Theft of Knowledge on Unfounded Contraband Concern:
The benefits of education in a correctional facility can be an essential tool for a convict to successfully re-assimilate to a life beyond bars. Books to Prisoners is a non-profit organization that since 1973 has provided the service implied by their name- putting pages into prisoners hands. Books to Prisoners cannot solely count on their funding for this mission, and have heavily relied on donations to circulate their libraries.
At the end of March, the Department of Corrections quietly passed a referendum prohibiting the circulation of used donations from B2P. This was created and passed on the concern regarding security from controlled substances entering the many facilities benefiting from this program. The Department of Corrections claimed 17 instances of contraband smuggling that have been investigated and proven untrue in every claim. In the entire existence of book donation programs like Books to Prisoners, there has never been a report of contraband being snuck in through a book.
Books To Prisoners is a “Seattle-based nonprofit organization whose mission is to foster a love of reading behind bars, encourage the pursuit of knowledge and self-empowerment, and break the cycle of recidivism.” They believe that books are tools for learning and new ideas and possibilities, and engage incarcerated individuals with the benefits of reading by mailing tens of thousands of free books to inmates across the country each year. Prisoners can select from already available books, or request for resources as they so desire.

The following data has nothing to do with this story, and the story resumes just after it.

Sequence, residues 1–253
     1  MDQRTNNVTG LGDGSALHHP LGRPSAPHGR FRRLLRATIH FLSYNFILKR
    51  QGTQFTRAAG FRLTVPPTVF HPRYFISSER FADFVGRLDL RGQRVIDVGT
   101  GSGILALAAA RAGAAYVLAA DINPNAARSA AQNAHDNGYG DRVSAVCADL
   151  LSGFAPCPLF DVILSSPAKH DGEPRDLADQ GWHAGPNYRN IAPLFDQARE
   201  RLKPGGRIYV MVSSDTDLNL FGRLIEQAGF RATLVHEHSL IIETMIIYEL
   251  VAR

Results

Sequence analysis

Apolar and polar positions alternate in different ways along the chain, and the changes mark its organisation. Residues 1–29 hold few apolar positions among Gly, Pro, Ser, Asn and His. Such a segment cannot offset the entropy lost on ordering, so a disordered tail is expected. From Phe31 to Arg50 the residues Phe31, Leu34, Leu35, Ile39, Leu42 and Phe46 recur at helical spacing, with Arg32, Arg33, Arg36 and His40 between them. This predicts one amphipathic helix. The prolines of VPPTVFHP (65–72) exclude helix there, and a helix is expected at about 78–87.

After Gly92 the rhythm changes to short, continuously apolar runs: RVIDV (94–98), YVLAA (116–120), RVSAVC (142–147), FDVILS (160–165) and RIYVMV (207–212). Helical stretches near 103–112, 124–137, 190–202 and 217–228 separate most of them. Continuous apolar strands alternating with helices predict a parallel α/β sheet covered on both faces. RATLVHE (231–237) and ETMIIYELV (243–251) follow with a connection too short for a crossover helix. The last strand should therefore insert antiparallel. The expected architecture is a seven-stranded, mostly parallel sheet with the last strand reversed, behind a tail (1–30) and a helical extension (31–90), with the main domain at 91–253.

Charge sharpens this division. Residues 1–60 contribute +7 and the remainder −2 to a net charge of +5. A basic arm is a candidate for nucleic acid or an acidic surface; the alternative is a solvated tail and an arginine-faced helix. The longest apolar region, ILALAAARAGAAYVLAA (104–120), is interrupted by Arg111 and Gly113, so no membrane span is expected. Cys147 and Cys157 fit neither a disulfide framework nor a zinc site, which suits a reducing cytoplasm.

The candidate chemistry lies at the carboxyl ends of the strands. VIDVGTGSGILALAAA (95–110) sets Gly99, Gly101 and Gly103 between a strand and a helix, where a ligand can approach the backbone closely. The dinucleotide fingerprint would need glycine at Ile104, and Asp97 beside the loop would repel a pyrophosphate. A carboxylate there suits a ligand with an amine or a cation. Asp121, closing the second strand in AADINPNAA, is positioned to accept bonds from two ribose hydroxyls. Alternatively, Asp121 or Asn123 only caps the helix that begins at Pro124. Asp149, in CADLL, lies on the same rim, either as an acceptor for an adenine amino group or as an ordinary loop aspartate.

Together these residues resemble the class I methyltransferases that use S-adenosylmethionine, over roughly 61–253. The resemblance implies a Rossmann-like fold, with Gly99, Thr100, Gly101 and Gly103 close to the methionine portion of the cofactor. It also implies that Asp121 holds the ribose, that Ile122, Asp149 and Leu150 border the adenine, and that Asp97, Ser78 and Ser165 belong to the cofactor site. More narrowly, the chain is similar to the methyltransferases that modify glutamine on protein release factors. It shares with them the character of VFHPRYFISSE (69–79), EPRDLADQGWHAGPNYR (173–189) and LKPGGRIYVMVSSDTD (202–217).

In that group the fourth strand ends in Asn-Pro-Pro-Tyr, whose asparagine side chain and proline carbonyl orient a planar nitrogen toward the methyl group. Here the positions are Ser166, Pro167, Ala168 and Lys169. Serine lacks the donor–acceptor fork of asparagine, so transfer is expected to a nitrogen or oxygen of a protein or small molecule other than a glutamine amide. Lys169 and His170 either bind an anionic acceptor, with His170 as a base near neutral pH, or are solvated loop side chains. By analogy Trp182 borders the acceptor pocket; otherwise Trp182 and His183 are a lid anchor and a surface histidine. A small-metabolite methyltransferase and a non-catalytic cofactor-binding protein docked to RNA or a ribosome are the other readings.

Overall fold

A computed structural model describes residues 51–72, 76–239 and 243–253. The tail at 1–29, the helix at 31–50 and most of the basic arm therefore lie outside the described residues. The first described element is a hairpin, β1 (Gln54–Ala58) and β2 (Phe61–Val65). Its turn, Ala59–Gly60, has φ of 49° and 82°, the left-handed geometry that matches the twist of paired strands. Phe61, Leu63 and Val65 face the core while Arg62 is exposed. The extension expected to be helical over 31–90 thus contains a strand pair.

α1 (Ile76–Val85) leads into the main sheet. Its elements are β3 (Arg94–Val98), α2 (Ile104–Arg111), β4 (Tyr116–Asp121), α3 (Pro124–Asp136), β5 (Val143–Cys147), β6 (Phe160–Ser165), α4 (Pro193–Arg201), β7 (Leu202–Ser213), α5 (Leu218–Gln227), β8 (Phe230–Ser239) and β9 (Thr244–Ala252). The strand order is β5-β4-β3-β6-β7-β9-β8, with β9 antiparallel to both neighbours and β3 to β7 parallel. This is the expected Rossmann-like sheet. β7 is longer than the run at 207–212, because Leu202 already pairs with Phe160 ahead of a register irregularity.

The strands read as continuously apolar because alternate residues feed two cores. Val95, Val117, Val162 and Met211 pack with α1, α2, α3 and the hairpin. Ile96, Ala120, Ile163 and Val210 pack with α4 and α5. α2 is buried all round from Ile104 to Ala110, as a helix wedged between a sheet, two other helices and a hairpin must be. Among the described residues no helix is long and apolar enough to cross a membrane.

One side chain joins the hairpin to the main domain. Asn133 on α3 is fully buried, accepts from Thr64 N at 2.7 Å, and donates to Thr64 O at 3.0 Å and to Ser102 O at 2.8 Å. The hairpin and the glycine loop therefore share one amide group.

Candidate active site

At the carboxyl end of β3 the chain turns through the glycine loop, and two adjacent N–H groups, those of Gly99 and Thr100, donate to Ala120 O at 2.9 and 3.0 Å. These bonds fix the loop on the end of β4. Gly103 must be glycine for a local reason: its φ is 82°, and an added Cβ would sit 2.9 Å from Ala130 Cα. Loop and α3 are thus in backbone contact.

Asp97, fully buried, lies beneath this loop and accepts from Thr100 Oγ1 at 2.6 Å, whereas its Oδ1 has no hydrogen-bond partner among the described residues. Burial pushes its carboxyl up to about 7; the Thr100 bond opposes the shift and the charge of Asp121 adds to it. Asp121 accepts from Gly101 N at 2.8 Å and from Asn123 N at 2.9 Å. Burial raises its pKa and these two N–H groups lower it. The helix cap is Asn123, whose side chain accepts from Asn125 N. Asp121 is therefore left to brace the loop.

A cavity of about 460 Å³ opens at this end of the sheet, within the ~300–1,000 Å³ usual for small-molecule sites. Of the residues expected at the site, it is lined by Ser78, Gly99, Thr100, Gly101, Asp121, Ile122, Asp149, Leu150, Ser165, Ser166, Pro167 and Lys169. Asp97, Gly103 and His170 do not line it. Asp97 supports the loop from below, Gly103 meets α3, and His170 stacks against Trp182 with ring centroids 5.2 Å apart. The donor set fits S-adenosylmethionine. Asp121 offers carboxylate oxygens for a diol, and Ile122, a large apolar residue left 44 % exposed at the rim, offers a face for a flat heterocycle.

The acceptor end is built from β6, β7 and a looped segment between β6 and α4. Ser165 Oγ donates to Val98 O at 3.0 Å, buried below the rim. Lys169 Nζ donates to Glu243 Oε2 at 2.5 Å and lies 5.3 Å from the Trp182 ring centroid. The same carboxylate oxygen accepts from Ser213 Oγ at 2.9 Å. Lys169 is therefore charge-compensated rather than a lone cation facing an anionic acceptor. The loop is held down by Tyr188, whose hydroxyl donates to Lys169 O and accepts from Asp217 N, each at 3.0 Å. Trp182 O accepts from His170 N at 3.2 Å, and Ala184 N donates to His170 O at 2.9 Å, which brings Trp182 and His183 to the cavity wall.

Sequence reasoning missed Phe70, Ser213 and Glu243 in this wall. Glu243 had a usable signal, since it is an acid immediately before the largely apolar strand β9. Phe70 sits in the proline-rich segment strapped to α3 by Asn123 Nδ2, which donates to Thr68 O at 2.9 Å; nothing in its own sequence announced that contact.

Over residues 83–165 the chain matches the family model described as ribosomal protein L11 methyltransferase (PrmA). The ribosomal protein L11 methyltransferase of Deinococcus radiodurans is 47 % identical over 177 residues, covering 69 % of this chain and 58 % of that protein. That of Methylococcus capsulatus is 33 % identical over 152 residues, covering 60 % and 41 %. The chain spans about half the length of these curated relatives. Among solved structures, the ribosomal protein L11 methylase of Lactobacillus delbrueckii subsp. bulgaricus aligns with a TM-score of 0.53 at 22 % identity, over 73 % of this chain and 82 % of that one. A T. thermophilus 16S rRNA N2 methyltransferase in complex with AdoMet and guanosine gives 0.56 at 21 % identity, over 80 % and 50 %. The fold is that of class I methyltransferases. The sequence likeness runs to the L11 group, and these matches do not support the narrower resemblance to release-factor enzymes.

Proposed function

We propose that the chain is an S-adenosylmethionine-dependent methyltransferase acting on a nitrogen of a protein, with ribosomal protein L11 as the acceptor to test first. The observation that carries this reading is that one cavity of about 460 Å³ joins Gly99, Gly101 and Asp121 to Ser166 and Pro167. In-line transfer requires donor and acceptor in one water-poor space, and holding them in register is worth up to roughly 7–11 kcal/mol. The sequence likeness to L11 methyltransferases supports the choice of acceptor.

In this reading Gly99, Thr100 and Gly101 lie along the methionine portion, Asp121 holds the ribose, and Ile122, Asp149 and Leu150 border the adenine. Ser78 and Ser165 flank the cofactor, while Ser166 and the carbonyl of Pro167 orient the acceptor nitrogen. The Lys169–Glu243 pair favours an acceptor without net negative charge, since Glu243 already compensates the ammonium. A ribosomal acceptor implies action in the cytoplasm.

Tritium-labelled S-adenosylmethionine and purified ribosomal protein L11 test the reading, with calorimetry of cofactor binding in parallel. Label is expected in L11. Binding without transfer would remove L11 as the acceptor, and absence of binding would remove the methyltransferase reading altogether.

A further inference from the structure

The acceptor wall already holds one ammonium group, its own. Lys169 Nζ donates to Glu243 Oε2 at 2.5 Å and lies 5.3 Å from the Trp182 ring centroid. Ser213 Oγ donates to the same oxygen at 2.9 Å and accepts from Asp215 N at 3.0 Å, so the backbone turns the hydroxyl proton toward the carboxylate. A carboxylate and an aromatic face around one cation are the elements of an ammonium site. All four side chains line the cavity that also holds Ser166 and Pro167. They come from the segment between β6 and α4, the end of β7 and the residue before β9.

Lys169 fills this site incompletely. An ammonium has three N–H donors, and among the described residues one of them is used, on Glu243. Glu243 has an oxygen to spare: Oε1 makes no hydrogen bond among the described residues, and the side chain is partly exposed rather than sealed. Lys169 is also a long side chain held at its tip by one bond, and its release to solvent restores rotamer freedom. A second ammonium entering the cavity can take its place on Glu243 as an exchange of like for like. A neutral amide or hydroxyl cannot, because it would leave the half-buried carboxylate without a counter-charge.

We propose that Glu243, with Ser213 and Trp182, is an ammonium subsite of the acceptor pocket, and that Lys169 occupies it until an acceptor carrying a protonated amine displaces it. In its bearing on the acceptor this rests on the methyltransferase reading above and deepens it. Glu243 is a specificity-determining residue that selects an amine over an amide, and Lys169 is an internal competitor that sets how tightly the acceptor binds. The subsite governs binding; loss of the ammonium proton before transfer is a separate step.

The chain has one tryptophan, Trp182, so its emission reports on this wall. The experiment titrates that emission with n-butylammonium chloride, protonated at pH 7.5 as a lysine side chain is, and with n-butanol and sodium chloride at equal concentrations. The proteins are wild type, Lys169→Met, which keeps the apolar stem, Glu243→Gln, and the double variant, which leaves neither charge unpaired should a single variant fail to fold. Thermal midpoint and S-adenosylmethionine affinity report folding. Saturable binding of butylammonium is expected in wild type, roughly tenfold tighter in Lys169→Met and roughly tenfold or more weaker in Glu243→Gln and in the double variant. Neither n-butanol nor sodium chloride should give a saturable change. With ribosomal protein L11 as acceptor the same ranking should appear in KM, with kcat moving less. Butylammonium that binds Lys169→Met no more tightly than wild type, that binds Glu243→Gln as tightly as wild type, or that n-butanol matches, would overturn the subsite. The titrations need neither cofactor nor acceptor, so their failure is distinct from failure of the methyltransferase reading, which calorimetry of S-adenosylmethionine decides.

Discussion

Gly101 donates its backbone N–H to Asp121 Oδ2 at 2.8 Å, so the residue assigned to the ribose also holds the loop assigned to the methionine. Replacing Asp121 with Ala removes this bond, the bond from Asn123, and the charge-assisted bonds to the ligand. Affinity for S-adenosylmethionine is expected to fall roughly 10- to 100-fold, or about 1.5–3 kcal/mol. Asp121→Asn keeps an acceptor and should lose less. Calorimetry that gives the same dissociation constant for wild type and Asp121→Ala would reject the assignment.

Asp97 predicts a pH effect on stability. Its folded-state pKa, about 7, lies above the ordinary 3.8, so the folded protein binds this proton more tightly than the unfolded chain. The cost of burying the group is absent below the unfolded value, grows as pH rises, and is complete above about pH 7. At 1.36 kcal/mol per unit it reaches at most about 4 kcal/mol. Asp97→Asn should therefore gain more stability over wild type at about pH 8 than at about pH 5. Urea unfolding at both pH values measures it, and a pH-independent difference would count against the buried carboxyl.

Before this year, there have been few issues with regulation. B2P is for the most part used books, the majority of donations are used books shipped from out of a basement in Crown Hill United Methodist Church. Starting in March, the DOC began returning donations, and sometimes seemingly random returns became more prevalent just before the memo was released. According to four-year volunteer and acting President of Books to Prisoners, Joan Ross, the organization was not alerted but also not “caught flat footed” per say by the ban on donations.
This 40-plus year old organization did not let this action stay quiet, and has been very active throughout the month of April in attempt to counteract this restrictive action. B2P started their first call to action with a phone zap directed at Washington Prisons Correctional Manager Roy Gonzalez, implemented to demand that this new memo “DOC 450.100” be rescinded at once. This group outcry was heard loud and clear, as Department of Corrections have since quelled their strong stance on the issue.
After a meeting between B2P and the DOC the memo has since been overturned and redacted but this does not stop the demand for help on a grand scale. Joan Ross would say that the phone zap is a small example of action they think will create real change. Ross believes the struggle is “not over, not by a long shot, we still have a strong need for both media support and public support. The memo is entirely unwarranted, and people should be questioning why they put this memo forth in the first place.”